Letting Life Lead
Ever wanted to clean without all the chemicals, but didn’t know where to start? This guide will walk you through making the transition step by step. You can use mostly materials you already have, or you can buy a few inexpensive supplies to get you started.
Baking soda is also known as Sodium Bicarbonate or Bicarbonate of Soda. If you shop around you can get a pretty good deal if you buy in bulk either locally at a Big Box store, Feed Supply stores, or online. Some bulk items are food grade, and others (usually cheaper) are sold for non-ingesting purposes. If you are doing a search for the best prices online, if you search for Sodium Bicarbonate you’ll get different results than if you do a search for Bicarbonate of Soda or Baking Soda. On one list search I glanced at, I found a listing that was selling a 50lb bag of Bicarbonate of Soda for 35 cents a pound!
White Vinegar is also called Acetic Acid and usually is dilute to a 5% solution and is the kind I use in this guide; which we will use diluted further. However, cleaning grade vinegar is usually a 20% solution so if you want something stronger to clean with or want to get it in bulk on the cheap, a stronger vinegar is definitely an option. Brand is really unimportant. Just like baking soda, if you are searching for the best deals at your local food or supply stores, using online information you’ll want to take note of your search terms. Here is a search list at Amazon for White Vinegar, another for Distilled White Vinegar, Cleaning Vinegar, and one for Acetic Acid. If you notice, each one brings up different options, so be diligent when you are looking for those penny-squeezing opportunities. Don’t go all weird and buy dry form acetic acid, or the stuff meant for labs. It is corrosive in those concentrations and it’s HAZMAT type of stuff. Stick to the salad stuff or the 20%, okay?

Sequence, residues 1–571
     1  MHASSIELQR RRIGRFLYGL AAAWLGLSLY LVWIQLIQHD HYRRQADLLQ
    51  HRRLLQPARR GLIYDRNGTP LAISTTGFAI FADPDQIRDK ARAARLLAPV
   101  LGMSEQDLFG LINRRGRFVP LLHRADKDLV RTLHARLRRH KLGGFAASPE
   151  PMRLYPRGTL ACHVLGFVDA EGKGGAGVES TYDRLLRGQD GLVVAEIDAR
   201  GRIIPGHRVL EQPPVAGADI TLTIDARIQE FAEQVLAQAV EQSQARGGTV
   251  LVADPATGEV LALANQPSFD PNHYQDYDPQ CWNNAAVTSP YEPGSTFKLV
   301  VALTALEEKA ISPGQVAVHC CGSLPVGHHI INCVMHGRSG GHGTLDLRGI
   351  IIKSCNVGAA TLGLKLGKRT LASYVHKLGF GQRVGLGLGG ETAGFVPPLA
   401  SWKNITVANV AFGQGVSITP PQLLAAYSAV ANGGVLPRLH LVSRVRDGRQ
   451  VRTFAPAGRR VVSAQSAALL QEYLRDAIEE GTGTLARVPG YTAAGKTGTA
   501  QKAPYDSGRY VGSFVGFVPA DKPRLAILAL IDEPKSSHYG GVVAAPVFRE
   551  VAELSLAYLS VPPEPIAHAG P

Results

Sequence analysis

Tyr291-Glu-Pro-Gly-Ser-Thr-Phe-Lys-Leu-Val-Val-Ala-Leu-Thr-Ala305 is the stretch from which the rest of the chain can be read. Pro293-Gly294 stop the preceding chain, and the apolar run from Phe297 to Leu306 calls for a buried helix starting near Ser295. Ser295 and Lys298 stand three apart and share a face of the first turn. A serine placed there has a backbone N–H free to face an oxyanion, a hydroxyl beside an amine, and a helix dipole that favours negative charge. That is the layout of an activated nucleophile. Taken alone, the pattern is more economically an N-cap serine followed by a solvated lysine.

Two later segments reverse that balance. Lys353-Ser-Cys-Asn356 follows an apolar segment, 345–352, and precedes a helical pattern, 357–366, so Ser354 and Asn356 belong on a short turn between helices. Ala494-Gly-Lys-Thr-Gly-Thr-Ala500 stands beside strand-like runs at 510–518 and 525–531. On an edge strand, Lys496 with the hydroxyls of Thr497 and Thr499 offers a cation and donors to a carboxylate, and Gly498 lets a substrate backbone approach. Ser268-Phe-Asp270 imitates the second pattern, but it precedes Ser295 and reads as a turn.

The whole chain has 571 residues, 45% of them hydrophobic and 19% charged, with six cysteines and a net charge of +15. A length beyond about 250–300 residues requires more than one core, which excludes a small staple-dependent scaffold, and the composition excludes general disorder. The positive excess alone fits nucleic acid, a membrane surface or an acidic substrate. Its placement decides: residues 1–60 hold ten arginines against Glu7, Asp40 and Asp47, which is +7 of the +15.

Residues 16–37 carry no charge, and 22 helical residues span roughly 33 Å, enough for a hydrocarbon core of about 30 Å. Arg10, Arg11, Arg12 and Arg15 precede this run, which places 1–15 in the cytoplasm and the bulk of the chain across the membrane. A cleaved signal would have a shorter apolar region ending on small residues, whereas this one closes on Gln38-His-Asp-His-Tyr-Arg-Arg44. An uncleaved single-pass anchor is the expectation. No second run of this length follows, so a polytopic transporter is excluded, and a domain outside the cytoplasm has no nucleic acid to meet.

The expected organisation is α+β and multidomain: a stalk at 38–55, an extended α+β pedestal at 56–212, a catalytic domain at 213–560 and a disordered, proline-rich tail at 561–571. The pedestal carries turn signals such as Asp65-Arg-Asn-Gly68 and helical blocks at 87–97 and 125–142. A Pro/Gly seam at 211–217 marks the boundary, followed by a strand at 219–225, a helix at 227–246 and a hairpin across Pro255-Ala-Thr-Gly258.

CAUTION: Don’t use vinegar on marble! You can however, use baking soda. And if you have a very stubborn stain go with the milder acid in a grapefruit, scrub it away, then rinse very, very, very well with fresh water. And of course, don’t squirt vinegar in your eye so keep those spray bottles pointed away from you. Granite is pretty tough and you shouldn’t need to use anything stronger than a drop of plain soap and some water. Germs don’t grow well on a surface like granite. A diluted vinegar solution to de-germ is probably okay such as if you got some raw meat juice spillage–but the problem is that some granite counters have sealants that may or may not be damaged by the acid. So I wouldn’t risk it. Your better option is a hydrogen peroxide (we’ll discuss that later) and water solution for de-germing purposes once in a while for instances of raw meat spillage or to remove a stubborn stain.